•Congress is looking at a uniform method for states to collect online sales tax.

•A Georgia county is concerned it can’t legally block a mosque from opening so it’s passed a temporary moratorium on any faith building new houses of worship.

•Trump has been pushing the idea that white Americans are having their country stolen well before his presidential campaign.

•There’s such a glut of stolen credit-card data, hackers are now shooting for a new target, mobile banking data.

•United Airlines has updated its login protections but it may be a bad solution.

•Erik Loomis argues that North Carolina’s HB2 embodies a conservative strategy of squishing local government with state laws.

•Massachusetts teen Dave Becker raped two unconscious women. The judge gave him probation for two years so as not to ruin his life. Because the guy’s life is what’s important right?

•Secretary used to be a decent job for a woman, but like so many other fields, it’s fading away.

•Don’t blame the airline if your flight is miserable. Blame yourself for not being a team player.

•Here’s a wild idea: debt collectors must have evidence you owe the debt before they pursue you.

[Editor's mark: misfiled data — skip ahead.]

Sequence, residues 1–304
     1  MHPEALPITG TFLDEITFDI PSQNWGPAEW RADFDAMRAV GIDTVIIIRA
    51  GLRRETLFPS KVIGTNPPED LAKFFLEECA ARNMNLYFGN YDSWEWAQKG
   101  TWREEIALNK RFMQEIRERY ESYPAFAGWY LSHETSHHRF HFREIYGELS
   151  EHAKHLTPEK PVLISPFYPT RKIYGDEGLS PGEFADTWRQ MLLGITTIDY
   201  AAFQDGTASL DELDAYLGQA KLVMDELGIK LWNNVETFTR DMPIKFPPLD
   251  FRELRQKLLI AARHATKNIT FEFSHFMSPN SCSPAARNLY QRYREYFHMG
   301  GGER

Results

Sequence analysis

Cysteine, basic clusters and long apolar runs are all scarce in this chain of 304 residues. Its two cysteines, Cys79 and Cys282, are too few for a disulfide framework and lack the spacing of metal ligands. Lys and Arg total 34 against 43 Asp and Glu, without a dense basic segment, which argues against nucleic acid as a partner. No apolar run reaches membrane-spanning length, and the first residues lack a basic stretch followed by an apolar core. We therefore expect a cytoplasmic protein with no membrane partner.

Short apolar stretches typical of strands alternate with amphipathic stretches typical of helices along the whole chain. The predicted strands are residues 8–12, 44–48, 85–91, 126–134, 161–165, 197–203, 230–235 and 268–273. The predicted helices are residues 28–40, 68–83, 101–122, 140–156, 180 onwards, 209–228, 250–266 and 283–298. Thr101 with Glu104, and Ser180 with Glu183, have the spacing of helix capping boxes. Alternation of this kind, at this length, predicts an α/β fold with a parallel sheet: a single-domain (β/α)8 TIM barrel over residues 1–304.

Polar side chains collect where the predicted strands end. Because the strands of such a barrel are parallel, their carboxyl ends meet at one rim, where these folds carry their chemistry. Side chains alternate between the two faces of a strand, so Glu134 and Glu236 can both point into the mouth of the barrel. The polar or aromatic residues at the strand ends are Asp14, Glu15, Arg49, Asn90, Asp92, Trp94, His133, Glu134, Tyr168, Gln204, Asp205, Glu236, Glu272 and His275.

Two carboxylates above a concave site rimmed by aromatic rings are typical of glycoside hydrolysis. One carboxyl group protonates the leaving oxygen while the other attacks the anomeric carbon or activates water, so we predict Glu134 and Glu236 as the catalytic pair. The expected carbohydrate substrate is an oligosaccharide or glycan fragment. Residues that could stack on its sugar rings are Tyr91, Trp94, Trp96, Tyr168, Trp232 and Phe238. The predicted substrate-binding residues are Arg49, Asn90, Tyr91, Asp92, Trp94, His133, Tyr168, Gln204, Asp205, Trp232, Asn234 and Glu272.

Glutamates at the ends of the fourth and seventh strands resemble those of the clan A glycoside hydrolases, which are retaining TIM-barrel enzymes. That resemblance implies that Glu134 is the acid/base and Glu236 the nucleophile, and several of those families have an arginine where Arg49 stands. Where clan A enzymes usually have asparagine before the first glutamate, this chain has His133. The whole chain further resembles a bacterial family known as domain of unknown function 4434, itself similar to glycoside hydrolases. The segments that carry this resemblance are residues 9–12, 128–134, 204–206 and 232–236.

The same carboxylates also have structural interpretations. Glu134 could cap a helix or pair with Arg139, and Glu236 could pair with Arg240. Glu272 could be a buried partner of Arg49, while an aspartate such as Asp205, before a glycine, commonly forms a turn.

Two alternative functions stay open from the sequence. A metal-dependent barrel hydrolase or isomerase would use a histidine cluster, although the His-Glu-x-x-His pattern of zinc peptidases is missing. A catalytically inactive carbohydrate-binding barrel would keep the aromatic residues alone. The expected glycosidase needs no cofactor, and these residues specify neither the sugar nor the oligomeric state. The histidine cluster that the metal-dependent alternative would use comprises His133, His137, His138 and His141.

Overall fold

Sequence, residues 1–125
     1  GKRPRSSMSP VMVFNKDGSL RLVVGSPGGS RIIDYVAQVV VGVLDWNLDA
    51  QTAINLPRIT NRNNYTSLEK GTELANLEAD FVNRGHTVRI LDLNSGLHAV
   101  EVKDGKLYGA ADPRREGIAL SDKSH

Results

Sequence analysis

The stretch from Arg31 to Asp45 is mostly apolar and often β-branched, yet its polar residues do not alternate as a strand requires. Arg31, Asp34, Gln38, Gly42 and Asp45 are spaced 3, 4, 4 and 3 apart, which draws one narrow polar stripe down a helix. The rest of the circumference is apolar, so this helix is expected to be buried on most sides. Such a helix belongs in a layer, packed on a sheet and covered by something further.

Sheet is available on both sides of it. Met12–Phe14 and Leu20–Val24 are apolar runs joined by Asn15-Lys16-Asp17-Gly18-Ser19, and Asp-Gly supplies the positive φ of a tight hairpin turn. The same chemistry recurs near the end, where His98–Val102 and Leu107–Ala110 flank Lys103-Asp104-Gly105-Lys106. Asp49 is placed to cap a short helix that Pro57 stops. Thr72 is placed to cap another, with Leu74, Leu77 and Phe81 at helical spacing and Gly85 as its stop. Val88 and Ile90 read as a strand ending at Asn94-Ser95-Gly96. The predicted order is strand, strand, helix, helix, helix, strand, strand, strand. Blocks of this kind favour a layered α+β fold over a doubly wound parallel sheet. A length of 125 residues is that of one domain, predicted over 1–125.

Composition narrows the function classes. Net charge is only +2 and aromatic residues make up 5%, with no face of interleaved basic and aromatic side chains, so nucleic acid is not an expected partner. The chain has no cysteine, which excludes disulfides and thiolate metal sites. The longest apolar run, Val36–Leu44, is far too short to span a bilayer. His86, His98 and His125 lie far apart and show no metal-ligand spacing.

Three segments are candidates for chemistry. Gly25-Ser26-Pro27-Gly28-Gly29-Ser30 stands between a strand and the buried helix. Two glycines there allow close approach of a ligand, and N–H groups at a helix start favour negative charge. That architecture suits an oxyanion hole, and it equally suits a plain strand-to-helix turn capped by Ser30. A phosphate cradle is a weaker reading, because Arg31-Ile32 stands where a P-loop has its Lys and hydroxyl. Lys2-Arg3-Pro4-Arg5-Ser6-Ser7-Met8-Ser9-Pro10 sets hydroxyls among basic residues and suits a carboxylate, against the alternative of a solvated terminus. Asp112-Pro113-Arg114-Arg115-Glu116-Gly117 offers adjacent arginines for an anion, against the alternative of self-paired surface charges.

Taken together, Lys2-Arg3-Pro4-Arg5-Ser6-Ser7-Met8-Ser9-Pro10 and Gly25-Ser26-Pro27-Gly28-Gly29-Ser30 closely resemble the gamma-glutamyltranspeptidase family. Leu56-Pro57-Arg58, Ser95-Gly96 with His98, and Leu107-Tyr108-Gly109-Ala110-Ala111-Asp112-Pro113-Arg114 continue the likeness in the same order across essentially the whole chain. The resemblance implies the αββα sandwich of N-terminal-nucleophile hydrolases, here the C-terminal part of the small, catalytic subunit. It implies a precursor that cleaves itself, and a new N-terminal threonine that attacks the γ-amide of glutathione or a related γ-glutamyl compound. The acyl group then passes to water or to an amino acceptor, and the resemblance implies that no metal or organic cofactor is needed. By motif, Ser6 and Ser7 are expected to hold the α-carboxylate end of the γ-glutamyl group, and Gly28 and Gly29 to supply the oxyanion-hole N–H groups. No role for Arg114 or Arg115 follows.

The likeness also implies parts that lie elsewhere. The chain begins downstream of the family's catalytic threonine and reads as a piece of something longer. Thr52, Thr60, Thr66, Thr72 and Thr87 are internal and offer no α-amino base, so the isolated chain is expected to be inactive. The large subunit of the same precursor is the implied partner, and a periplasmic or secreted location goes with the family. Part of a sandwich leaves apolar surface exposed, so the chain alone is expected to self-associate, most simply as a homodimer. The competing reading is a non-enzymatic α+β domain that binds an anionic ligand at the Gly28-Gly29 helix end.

•Aww, the petsitter who sued a couple for their negative Yelp review lost the case.

•Samantha Field responds to the “American women have it so good, feminism is unnecessary” argument by detailing how it’s bullshit.

•Obama continues to make good use of his final year, for example by commuting sentences of nonviolent drug offenders. He’s provided clemency to more prisoners than the previous ten presidents.

•A Trumpie suggests we ban welfare recipients from voting—including women who get birth control through Obamacare. Like a lot of people he seems convinced that insurance coverage = free for the women. On the plus side, better birth control (as noted at the link) is going a long way to reducing out-of-wedlock teen births.

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Filed under economics, Politics, Undead sexist cliches

New And column out–

A Box Made of Rules,” on how society likes forcing female square pegs into round holes.

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Filed under Politics, Undead sexist cliches

Bret Easton Ellis has a hissy fit (plus a few other links)

So Art Tavana, a writer for LA Weekly, wrote about singer Sky Ferreira, acknowledging her talent but focusing on her sex appeal  (“When Ferreira snaps back her faux-blond hair in a music video, or does a Michael Jackson finger snap (her grandmother used to be MJ’s hair stylist), or when she takes off her big sunglasses and stares seductively into the camera, curling her candy-red lips like an English punk rocker, it never looks unnatural.”) which he discusses in much greater detail than her music. This generated some deserved flak, Teen Vogue for instance pointing that saying a woman as “pimped-out” implies she’s a prostitute.Bret Easton Ellis (the Less Than Zero author) decided he wasn’t putting up with that shit.